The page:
Losing a pet may be a child’s first experience with death. While many young children do not fully understand the permanence of death, it’s still important to help them work through feelings of grief, guilt and loss. Here are 5 ways to help a young child cope with the death of a pet.
- Have a funeral. Funerals help people say goodbye and start the grieving process. It doesn’t have to be elaborate. Get the whole family together and say a prayer, share scripture or tell stories about your pet.
- Look for opportunities to check in with your child as they process their emotions. Children often feel a sense of guilt and may believe that the pet died because they didn’t take care of it well enough. Reassure your child of how lucky your pet was to have your child in their life, and what a good job your child did caring for the pet.
- Provide positive outlets. Your child may feel angry, sad, numb, scared and unsettled. Let them know that it’s normal and it’s ok to experience these feelings. Help them cope by telling them to draw, paint or color their feelings. In fact, Play-Doh is great for helping young children work through anger and frustration.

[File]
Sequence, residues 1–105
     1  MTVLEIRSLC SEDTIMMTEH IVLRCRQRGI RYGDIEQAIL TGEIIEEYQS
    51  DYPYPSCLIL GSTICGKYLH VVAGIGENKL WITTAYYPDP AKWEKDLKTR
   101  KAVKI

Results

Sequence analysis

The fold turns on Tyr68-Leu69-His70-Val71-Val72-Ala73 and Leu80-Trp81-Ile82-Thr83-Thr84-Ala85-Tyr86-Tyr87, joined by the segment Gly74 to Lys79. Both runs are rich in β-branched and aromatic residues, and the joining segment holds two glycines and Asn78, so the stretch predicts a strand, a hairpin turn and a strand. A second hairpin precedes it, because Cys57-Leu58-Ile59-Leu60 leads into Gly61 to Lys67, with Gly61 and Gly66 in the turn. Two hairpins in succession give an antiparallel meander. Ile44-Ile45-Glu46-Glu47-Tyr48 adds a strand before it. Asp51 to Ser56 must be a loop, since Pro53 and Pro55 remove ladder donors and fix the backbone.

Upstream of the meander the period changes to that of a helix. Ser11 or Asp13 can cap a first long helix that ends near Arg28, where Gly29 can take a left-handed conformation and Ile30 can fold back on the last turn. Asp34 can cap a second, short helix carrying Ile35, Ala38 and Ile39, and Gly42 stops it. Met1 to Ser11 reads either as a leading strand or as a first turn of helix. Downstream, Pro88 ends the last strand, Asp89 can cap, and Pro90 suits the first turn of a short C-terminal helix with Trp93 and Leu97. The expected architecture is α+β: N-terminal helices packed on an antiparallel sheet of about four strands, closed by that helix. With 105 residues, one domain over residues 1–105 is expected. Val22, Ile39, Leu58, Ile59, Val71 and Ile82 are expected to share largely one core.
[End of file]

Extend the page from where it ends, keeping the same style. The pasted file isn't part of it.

- Exercise. Whether it’s riding a bike, taking a walk, running around the backyard, going to a dance class or sport practice, getting your child active can boost their mood, provide a sense of accomplishment and help them work out their frustrations.
- Plan something to look forward to. Help your child find joy again by arranging a play date, packing a picnic, visiting the playground or going to story time at the library.